Air Compliance and Permitting
The Clean Air Act legislation and subsequent Clean Air Act Amendments were put into law to regulate (with a goal to reduce) air pollution emissions in the United States. These pieces of legislation established air quality standards and emission limits applicable to a wide variety of sources of air pollution. The US EPA enforces the Clean Air Act requirements in part through requiring that facilities with sources of air pollution obtain and comply with air permits. Development of specific regulations and permit requirements was delegated to the State of Ohio and the Ohio EPA.
The Ohio State University operates in compliance with a “Title V Permit” written by the Ohio EPA in accordance with federal guidelines. This type of permit is assigned to facilities that have the “potential” to generate emissions in excess of certain thresholds. This permit identifies potential sources of air pollution at The Ohio State University main campus and specifies operating parameters for these sources where applicable.
Permit Terms and Conditions
The permit lists several sources at the University as being sources of air pollution emissions. The larger sources include the boilers at the McCracken Power Plant, boilers at Scott Hall, printing presses at the UniPrint, the gasoline dispensing facility at Transportation & Parking and miscellaneous sources at the Center for Automotive Research. Various permit terms and conditions apply to the operation of these sources. Associated reporting requirements require recordkeeping and reporting of various data relevant to these sources.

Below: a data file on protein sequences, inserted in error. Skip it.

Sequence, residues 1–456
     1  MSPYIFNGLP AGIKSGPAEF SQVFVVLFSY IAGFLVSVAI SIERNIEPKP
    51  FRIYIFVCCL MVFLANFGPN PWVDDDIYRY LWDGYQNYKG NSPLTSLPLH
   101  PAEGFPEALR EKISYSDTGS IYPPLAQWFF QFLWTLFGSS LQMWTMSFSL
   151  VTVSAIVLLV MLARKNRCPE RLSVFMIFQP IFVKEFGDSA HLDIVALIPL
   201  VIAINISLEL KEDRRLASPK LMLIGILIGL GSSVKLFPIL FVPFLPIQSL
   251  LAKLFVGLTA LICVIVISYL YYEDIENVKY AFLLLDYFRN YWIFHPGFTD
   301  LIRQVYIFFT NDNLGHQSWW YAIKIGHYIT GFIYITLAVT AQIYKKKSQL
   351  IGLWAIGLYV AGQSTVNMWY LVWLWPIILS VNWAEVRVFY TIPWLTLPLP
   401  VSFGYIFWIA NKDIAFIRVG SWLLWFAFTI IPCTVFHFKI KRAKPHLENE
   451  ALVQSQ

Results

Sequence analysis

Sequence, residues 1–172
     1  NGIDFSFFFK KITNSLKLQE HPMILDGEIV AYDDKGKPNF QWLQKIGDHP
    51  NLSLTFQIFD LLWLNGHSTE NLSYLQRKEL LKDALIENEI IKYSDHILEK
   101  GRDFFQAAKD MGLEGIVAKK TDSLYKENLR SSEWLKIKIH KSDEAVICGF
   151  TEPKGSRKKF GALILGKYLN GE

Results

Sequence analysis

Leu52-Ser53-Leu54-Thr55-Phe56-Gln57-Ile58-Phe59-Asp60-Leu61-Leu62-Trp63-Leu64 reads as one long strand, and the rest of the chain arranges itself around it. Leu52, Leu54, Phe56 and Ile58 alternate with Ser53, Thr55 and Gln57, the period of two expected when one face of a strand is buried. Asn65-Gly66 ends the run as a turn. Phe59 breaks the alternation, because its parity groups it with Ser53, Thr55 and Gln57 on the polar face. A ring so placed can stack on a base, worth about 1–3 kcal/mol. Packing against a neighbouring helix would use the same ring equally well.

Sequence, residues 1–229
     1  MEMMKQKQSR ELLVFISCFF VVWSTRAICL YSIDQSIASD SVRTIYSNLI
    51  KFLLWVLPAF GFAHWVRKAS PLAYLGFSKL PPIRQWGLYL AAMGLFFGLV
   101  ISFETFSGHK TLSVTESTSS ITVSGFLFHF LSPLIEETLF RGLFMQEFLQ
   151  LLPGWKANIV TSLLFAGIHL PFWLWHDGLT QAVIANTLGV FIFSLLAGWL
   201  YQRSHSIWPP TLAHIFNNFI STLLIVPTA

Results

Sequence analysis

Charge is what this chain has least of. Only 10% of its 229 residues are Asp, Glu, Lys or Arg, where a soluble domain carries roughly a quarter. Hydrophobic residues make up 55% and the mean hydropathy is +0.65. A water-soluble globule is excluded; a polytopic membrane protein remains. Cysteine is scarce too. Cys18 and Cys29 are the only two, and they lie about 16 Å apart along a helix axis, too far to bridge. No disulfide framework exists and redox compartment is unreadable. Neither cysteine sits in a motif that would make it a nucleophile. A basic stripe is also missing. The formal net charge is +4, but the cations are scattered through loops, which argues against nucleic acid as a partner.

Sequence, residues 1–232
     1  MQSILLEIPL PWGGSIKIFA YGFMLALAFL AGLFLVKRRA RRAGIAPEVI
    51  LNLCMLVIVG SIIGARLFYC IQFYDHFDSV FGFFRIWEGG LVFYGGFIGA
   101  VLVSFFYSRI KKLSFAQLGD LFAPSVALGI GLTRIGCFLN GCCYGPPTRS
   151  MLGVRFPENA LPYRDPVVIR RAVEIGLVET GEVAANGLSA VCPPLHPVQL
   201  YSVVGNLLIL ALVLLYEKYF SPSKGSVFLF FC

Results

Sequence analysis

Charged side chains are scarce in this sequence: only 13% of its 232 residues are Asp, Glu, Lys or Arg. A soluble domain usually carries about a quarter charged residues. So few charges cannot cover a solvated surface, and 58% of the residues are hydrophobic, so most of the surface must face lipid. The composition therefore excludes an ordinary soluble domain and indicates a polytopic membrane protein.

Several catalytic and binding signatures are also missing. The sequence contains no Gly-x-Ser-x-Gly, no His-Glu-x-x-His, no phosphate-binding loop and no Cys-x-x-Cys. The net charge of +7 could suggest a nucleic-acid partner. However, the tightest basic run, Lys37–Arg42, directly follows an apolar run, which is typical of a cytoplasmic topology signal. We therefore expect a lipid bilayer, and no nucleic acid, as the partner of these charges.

The permit lists each emergency generator larger than 50 hp. These units are permitted under what is designated a “permit by rule” which has limited recordkeeping requirements.
The permit lists other, relatively minor, sources of emissions. These sources have been inventoried and are listed in the permit. These sources include numerous boilers smaller than 10 mmBtu/hr, a number of storage tanks, miscellaneous printing equipment and maintenance facilities. Though not having explicit permit terms and conditions, these sources need to be in compliance with applicable regulations.
U.S. EPA rules applicable to these sources include Boiler MACT and RICE MACT.
The permit limits potential emissions from the larger sources on campus. Recordkeeping related to the operation of these sources provides verification that these facilities are in compliance with the applicable permit limits. EHS personnel will periodically request this information from the appropriate department. Emissions are calculated and reported to Ohio EPA on a periodic basis. This reporting verifies compliance and provides the basis for OEPA to compute emissions fees for the facility.
Emissions are estimated for the smaller sources including the emergency generators. These emissions have to be reported to Ohio EPA only when the emissions from an individual source exceed one ton per year. Refined estimates will be calculaed whenever necessary.
.......... U.S. EPA
.......... Clean Air Act, 1970; Clean Air Act Amendments, 1990
.......... Boiler MACT, 2013; RICE MACT, 2013
.......... Ohio EPA
.......... Ohio Administrative Code (OAC-3745)